Eddie Bernice Johnson2

Eddie Bernice Johnson

Recently individual members of the Congressional Black Caucus spoke on the floor of the U.S. House of Representatives regarding the decision by a grand jury in Ferguson, Missouri not to indict a police officer for the shooting death of Michael Brown, an unarmed African-American teenager.

Without exception, members of the Caucus expressed outrage with the decision, and the conduct of the Ferguson County prosecutor, Robert McCullough, whose ability to be fair-minded and non-partisan was challenged by members of Ferguson’s African-American community.

McCullough undermined public confidence by taking a highly unusual approach to the grand jury proceedings. Rather than conducting an investigation into the August shooting and then making a recommendation to the grand jury, as most prosecutors do, McCullough left the decision to the 12 men and women who comprised the grand jury.

The grand jurors were faced with massive amounts of data to consider.  In a highly unusual move, the officer who did the shooting, Darren Wilson, was allowed to testify before the grand jury for nearly four hours, and his account of events leading up to the shooting went unchallenged by the prosecutor. The testimony of witnesses whose accounts differed from the officer’s was discounted by McCullough during a press conference following the grand jury’s decision.

To the great surprise of many observers who had closely followed events in Ferguson, McCullough decided to announce the grand jury’s decision at 8 p.m. A small minority of those protesting the decision turned to violence. Fires were set, looting took place and police vehicles were overturned.  While arrests were made, there was no loss of life. Protests against the decision have continued in Ferguson and in other parts of the country by people of all races.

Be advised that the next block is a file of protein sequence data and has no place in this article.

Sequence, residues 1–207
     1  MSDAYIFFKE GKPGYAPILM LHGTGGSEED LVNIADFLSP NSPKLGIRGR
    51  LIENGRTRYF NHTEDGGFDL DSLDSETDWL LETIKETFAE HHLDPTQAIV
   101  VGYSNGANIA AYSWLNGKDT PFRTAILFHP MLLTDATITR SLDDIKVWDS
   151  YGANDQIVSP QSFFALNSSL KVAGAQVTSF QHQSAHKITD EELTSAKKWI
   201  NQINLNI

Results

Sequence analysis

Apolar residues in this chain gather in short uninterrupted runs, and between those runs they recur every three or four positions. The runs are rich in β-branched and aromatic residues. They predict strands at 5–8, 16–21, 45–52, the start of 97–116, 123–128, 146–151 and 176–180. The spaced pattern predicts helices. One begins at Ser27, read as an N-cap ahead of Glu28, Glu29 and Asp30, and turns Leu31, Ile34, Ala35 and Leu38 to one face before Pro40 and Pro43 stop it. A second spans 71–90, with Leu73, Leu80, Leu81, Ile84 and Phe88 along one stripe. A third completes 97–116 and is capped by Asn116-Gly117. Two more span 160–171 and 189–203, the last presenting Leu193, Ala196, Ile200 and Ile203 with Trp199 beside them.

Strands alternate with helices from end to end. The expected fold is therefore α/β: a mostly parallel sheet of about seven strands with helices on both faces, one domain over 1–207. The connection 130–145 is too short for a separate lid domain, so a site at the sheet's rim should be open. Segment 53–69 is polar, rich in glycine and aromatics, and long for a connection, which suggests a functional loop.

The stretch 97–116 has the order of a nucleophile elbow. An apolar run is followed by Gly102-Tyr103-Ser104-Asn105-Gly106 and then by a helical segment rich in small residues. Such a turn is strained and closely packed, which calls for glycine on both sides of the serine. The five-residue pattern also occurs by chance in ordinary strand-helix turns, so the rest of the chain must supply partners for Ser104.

The decision by the grand jury and the turmoil that followed it is consistent with the deeply painful belief held by many in this country that lesser value is placed upon the lives of young Black men in this country.   A recent study by ProPublica, a media research organization in New York City, stated that Black males in America were 21 times more likely to be shot by police than their White counterparts.

In the wake of events in Ferguson President Obama convened a meeting at the White House of community activists, elected officials, law enforcement officials and members of the clergy to address the events that occurred in Ferguson and their aftermath. President Obama has pledged his personal involvement.

As the proud mother of an African-American son and the grandmother of three grandsons I can only imagine the depth of the wound that is in the hearts of Michael Brown’s parents.  Their son will not sit with them for another holiday meal. Nor will they see him graduate from college.

As a nation we must immediately address the social ills that lead to the senseless deaths of young Black men.  We must somehow harness the hurt and the anger that exists and create positive and lasting change.

Senseless tragedies can be avoided if we initiate and sustain dialogue and mutual respect among our youth, elected officials, clergy, community leaders and members of law enforcement.  We must do this to ensure that events, like the shooting death of Michael Brown, do not occur on the streets of Ferguson, or on the streets of any of our cities and towns.